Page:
Jason McAteer has boasted that he figured out how to push Roy Keane’s buttons towards the end of the pair’s rivalry as players.
There has been no shortage of harsh words and tough tackles exchanged by Roy Keane and Jason McAteer over the years and the animosity seems to have carried into their post-playing careers.
McAteer is not one to shy away from criticising Keane, while the Corkman didn’t have many nice things to write about McAteer in his autobiography.
While there is no love lost between the former Republic of Ireland internationals, there seems to be mutual respect and McAteer admitted that he learned quite a bit from Keane, although he didn’t exactly get along with the former Manchester United captain.
McAteer told the Big Interview: “I think I learned more from being around him [Keane] than playing against him. I didn’t fear playing against him because I always had the attitude you don’t fear anybody on a football pitch.
“You give as good as you get and it doesn’t matter if everybody says he’s the best, you’ve got to show everyone that you’re the best.
“I never feared him and I came up against him with Sunderland. We were a lot older then and our relationship was quite weird.
“We weren’t mates initially. We had difference in opinions early on – we were young. We were a little bit immature, the pair of us, with things we did.
“Then we got older, wiser and more experienced and we realised that there was a tribalism between Liverpool and Man United. I think we had to dislike each other because of that so we did.”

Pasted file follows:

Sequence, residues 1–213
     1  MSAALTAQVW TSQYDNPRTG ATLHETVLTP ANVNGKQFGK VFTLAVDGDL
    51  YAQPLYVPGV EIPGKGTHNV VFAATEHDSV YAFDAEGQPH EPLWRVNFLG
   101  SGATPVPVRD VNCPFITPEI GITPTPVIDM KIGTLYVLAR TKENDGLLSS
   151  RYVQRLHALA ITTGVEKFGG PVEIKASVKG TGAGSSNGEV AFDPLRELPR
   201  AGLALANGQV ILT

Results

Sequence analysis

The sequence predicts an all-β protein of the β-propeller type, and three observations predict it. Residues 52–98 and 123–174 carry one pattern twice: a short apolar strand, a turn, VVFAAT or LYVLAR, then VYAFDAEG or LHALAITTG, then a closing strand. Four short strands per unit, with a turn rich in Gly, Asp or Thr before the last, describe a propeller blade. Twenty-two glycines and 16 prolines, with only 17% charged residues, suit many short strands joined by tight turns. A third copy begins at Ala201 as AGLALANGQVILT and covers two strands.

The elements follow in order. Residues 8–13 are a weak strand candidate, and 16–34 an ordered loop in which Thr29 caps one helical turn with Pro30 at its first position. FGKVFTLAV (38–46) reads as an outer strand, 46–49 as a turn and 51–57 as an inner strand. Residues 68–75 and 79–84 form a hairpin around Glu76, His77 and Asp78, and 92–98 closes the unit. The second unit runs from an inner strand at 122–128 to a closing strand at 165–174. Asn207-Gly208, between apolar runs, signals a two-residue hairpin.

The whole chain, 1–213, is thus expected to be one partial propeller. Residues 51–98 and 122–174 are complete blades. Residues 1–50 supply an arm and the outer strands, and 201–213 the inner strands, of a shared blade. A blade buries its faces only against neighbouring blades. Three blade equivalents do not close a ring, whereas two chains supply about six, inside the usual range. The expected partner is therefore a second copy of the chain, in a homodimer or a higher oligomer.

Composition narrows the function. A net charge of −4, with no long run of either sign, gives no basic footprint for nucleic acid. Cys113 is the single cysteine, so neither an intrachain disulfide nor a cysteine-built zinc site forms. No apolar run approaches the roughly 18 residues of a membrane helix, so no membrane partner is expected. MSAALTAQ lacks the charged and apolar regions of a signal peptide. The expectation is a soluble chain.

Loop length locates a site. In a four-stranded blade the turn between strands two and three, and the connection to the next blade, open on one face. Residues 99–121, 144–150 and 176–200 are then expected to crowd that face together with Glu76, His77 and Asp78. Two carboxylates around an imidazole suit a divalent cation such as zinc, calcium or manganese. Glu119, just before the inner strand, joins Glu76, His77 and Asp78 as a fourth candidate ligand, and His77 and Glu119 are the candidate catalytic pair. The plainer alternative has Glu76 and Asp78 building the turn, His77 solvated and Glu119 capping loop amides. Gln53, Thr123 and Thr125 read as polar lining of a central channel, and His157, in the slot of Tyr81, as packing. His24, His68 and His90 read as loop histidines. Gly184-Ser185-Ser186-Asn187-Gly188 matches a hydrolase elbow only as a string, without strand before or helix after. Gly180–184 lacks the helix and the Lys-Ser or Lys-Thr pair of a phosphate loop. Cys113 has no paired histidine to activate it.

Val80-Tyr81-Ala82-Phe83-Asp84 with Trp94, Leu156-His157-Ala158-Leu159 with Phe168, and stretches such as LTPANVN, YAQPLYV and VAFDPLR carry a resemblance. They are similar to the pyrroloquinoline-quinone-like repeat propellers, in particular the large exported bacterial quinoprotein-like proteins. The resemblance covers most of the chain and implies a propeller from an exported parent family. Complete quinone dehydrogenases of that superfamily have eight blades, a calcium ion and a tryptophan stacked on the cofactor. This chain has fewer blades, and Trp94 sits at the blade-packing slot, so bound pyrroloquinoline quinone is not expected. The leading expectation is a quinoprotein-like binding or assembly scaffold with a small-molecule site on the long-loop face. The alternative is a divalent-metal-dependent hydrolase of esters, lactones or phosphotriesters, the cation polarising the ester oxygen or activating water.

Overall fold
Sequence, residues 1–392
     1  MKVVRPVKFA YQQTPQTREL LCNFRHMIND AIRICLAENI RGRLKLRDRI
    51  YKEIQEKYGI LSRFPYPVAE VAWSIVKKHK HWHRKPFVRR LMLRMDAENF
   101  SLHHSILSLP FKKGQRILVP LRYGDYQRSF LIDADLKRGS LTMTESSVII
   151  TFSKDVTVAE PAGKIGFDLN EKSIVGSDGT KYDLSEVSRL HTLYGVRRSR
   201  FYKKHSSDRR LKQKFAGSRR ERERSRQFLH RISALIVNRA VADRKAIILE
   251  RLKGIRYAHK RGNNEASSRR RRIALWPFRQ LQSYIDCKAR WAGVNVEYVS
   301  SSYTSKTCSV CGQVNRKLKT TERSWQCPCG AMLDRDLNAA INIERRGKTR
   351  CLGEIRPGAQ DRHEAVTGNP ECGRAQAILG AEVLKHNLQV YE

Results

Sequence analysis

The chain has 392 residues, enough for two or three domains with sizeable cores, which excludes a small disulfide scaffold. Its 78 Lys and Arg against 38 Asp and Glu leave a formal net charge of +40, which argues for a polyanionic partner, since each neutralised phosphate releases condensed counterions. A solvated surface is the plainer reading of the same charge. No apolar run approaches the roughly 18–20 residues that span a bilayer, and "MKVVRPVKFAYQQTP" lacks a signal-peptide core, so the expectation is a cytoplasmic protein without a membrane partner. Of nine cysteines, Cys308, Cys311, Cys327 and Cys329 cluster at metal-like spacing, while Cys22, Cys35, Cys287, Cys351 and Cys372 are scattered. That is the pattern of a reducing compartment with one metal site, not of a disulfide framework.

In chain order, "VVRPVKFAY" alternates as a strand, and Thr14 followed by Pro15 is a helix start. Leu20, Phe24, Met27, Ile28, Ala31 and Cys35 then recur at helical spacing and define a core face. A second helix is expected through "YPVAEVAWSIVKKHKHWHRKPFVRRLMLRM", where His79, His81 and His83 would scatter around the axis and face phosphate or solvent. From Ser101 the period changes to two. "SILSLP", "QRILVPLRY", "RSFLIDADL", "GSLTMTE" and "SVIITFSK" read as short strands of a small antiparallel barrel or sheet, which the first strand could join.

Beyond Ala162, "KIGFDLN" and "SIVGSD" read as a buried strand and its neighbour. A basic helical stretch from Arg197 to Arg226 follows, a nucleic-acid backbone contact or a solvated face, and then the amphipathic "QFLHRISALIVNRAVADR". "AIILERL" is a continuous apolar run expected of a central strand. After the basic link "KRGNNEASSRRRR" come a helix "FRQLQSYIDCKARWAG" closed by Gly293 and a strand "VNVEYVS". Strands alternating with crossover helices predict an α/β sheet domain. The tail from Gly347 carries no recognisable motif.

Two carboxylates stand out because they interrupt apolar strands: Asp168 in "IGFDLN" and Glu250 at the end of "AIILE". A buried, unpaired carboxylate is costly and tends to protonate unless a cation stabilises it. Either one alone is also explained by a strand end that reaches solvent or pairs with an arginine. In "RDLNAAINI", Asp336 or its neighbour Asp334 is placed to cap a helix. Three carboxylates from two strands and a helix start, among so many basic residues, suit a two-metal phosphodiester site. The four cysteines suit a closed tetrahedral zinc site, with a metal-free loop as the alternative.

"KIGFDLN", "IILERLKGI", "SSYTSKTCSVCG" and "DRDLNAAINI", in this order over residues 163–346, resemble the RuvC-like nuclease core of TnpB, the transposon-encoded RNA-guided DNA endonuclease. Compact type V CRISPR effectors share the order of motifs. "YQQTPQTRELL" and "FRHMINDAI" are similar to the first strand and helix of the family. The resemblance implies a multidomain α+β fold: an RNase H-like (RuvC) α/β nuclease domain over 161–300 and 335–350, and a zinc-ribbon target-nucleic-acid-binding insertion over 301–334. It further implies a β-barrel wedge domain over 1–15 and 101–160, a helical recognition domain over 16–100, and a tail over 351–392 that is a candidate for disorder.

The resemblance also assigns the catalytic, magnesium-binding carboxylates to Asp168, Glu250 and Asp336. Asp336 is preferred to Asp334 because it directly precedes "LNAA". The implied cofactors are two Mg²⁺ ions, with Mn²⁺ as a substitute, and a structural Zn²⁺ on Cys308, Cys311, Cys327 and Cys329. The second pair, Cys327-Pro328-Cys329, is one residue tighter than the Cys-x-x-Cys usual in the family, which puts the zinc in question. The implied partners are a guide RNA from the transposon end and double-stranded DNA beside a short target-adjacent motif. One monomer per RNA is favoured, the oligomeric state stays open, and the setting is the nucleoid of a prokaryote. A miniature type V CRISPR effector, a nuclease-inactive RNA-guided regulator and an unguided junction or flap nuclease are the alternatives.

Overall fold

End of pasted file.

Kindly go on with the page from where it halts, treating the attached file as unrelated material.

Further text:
McAteer has previously expressed some sympathy towards Keane for the Saipan incident but the former Liverpool midfielder also admitted to wanting to “smash” Keane on occasion.
Keane infamously got sent off for an elbow on McAteer when United travelled to Sunderland in 2002, after the Black Cats midfielder taunted Keane by telling him to write about the match in his next book.
“As we get into our later careers I knew what button to press to wind him up. I just knew how to get to him,” McAteer explained.
“I think that Sunderland – Man United game I got in his head. I really got in his head.
“Like I said it was all about winning. I said a few things to him to gain an advantage. I gained that advantage. I set the equaliser up and he ended up elbowing me in the side of the head and getting himself sent off.
“I walked off smiling and felt like the job was done.
“What I learnt from playing with him is that in a dressing room he demands that you do everything right. You don’t shirk tackles, you give 100 per cent, you roll your sleeves up and get your hands dirty.
“He demands it and if he tells you off you’re getting told off.”